Dean McKinney Moore learns the answer to her musical question at last

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I received an e-mail today with a question about Billy Jack Wills, youngest brother of Bob Wills and a great western swing band leader in his own right. A search for the answer turned up the sad news that Billy Jack's sister-in-law, Dean McKinney Moore, had passed away on November 9, 2009, age 87.

Dean McKinney and her sister Evelyn sang with Bob Wills and His Texas Playboys in the late '40s. Their duets were featured on the Tiffany Transcriptions and a number of the band's commercial releases on Columbia and MGM. A special Tiffany Transcriptions CD (intended to be the first in a "For Collectors Only" series) includes 22 cuts with Evelyn and Dean in duet or singing in trios and quartets with Joe Holley, Tiny Moore, and Eldon Shamblin.

While with the Playboys, Dean met and married mandolinist Tiny Moore. Wills Point dance hall in Sacramento became Bob Wills's home base in the late '40s. When Bob decided to take the band back on the road in about 1952, Billy Jack set up his own band to hold down the fort at Wills Point. Tiny and Dean decided to stay in Sacramento with Billy Jack, and the city was home for the rest of their lives. After leaving the band in 1954, Tiny hosted a local children's TV show, opened a music store, gave music lessons, and performed from time to time. In 1970, he joined five other former Texas Playboys (Johnnie Lee Wills, Alex Brashear, Eldon Shamblin, Joe Holley, and Johnny Gimble) on Merle Haggard's Tribute to the Best Damn Fiddle Player in the World, and went on to join Haggard on tour. Tiny died in 1987.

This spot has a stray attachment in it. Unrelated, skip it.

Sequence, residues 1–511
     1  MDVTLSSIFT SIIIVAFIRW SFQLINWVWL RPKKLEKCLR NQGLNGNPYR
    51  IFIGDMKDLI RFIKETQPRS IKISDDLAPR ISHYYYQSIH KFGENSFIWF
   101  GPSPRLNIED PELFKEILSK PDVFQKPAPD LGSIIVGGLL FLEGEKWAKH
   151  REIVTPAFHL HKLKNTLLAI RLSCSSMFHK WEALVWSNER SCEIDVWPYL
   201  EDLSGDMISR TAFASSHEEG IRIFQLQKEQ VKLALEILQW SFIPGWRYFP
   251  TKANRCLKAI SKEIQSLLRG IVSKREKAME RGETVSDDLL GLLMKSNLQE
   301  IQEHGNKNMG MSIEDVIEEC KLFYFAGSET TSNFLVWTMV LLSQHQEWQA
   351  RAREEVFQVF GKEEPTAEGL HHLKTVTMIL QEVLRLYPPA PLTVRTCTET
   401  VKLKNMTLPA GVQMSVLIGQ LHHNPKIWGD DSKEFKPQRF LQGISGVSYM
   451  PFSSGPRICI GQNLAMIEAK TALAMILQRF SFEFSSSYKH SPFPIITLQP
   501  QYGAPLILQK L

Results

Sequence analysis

The family obituary provides some personal glimpses:

Dean and Tiny were among the founding members of the First Baptist Church of Carmichael. Dean and Evelyn frequently ministered to the congregation with songs of praise. Two LP's of sacred music were produced: "Softly and Tenderly" and "Heaven's Harmony." Dean was an unwavering presence in her children's lives and was active in the PTA throughout their early school years. She enthusiastically supported every activity that interested her children. She and Tiny entertained often with lavish dinners for friends and family. They performed as a duo joined with their daughter Kimberly and appeared at concerts and private gatherings. After Tiny's death in 1987 Dean became active in the Sacramento Western Swing Society, serving as their President for many years. Dean traveled extensively and continued to sing with Evelyn at musical festivals across the United States.